9 Tips for Supporting a Loved One With Mental Illness
My first experience with depression and anxiety began at 8 years old, and I spent the next 34 years struggling in silence. Although I could have used the support as a child, it wasn’t well received when I finally reached out in my adulthood, which made sense as to why I covered it under the rug in the first place.
When I went into inpatient, most of my family and friends didn’t visit. They didn’t ask how they could help, nor did I receive flowers, a card or a hot meal when I returned home.
Therefore, I want to discuss with friends and family how your support could make all the difference in the world to your loved one.
1. Educate yourself.
Education is so important; therefore, it’s essential to educate yourself on mental health conditions. However, I advise you to please stay away from Google and search for articles from a credible site or source, whether through a doctor or mental health therapist. Often, when we have concrete information in front of us, it can provide the necessary tools to handle circumstances better and finally give a sense of relief, knowing there is an explanation.
2. Therapy and support groups.
If your loved one is willing to attend therapy or a support group, with their acceptance, participate with them.
We are often more apt to listen from an objective perspective, such as through a therapist or a peer living with a mental health condition. Not to mention your loved one might feel safer to disclose their struggles with you in a therapist’s office. Attending a session also shows your loved ones you care and want them to get better and are indeed supported.
You may feel resentment toward your loved ones due to their mental health struggles, but try not to attack them in therapy. To begin with, having you present in their session might cause them anxiety; therefore, you don’t want to lose their trust and no longer be welcome.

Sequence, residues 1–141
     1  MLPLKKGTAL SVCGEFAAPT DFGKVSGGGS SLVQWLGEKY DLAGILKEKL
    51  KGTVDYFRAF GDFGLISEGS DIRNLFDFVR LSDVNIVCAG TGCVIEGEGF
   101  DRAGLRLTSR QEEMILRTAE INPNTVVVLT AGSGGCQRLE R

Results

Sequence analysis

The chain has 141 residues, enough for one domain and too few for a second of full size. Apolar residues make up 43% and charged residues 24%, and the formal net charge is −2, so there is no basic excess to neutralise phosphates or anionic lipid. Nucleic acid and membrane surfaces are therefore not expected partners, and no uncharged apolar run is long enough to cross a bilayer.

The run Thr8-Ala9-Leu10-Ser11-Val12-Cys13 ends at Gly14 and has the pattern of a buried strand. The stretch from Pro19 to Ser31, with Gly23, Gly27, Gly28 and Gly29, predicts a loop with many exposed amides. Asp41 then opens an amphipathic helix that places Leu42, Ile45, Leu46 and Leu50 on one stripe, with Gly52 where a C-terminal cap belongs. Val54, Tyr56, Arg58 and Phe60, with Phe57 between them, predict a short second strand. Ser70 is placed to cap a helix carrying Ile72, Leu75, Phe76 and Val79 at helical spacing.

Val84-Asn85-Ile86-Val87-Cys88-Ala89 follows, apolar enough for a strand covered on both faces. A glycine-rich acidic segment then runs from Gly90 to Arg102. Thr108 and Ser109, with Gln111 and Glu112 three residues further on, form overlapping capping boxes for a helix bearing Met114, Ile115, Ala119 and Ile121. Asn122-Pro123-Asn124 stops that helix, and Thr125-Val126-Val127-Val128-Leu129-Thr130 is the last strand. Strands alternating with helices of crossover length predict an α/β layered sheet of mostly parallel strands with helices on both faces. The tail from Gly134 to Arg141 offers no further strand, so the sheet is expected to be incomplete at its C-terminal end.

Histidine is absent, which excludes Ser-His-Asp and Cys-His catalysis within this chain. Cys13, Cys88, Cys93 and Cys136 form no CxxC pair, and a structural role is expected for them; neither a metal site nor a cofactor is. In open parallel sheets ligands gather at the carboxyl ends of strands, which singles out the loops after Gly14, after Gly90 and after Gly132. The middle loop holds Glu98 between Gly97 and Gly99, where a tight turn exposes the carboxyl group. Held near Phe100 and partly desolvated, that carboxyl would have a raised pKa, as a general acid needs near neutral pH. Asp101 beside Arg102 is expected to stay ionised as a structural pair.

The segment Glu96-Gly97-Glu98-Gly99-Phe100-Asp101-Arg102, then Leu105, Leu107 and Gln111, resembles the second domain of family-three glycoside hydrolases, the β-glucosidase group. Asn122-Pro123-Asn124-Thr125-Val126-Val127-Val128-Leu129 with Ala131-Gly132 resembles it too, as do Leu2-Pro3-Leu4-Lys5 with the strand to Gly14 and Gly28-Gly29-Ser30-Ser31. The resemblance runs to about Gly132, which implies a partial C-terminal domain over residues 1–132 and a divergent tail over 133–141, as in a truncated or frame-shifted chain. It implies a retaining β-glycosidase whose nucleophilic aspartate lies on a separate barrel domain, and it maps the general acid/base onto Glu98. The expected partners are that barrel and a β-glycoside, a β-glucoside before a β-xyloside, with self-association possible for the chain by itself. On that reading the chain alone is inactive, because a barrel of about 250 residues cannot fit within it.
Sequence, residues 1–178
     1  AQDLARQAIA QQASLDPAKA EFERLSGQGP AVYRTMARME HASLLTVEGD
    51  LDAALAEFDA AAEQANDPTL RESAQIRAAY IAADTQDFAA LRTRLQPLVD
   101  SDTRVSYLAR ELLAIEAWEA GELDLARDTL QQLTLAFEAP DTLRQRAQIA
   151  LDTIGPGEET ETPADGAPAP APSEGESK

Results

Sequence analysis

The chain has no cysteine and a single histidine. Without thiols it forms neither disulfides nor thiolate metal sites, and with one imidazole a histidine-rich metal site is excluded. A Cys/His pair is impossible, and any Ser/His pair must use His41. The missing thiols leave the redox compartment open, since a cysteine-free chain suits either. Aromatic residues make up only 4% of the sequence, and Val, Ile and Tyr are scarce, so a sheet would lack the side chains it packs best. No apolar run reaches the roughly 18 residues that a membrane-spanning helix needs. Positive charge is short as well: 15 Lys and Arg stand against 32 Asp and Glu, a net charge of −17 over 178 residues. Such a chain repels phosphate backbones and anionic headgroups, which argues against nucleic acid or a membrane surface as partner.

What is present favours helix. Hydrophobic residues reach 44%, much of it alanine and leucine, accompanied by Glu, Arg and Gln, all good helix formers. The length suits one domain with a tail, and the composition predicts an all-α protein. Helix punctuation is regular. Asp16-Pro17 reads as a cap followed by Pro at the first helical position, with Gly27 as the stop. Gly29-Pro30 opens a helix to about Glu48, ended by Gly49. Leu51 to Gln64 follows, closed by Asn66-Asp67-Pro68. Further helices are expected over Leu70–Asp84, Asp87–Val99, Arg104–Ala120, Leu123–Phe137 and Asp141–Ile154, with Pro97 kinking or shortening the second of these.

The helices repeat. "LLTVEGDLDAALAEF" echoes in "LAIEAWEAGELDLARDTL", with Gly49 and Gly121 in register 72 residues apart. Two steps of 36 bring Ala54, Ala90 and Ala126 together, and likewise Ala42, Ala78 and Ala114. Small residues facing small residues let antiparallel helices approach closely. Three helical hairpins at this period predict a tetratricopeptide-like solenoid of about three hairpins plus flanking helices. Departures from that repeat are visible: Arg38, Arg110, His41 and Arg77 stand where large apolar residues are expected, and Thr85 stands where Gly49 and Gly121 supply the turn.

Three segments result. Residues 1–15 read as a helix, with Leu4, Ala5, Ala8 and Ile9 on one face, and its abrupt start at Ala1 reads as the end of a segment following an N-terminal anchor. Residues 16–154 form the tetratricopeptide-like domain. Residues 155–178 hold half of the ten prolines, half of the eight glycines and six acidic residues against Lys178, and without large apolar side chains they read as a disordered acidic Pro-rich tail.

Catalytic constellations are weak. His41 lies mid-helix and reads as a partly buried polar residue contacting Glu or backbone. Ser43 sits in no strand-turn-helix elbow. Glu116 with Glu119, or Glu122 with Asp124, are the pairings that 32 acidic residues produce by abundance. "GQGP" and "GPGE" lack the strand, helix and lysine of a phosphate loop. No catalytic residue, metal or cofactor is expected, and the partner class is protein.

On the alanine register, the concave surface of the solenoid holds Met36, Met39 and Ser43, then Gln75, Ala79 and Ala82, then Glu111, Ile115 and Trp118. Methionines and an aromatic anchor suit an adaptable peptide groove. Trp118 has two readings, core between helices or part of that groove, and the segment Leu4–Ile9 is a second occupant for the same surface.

3. Signs, symptoms and triggers of mental illness.
When it comes to triggers, are your loved one’s moods set off more quickly? Do they startle easily? Are certain sights, sounds, touches and smells noxious to them? Signs and symptoms may include increased agitation and irritation, restlessness and recklessness and impulsivity.
Other signs and symptoms may include increased or decreased sleeping and rapidly losing or gaining weight. You might notice they are isolating more or no longer attending events that were once of interest.
Is your loved one keeping up with activities of daily living: appearance, showering, brushing their hair and teeth or getting dressed?
A vital sign to look for in your loved one is shifting from a severe depressive state to an unusual serene behavior: Giving away treasured items, writing poignant letters to their loved ones or suddenly completing a will. These may be signs of suicidal behavior.
4. The significance of help.
There may be times or circumstances where your loved one does not appear to want the help. However, more often than not, they yearn for your love and acceptance. They want a hug and a shoulder to cry on and someone who will encourage and believe in them. Helping your loved one might take a considerable amount of energy, but if you can, would you please keep trying?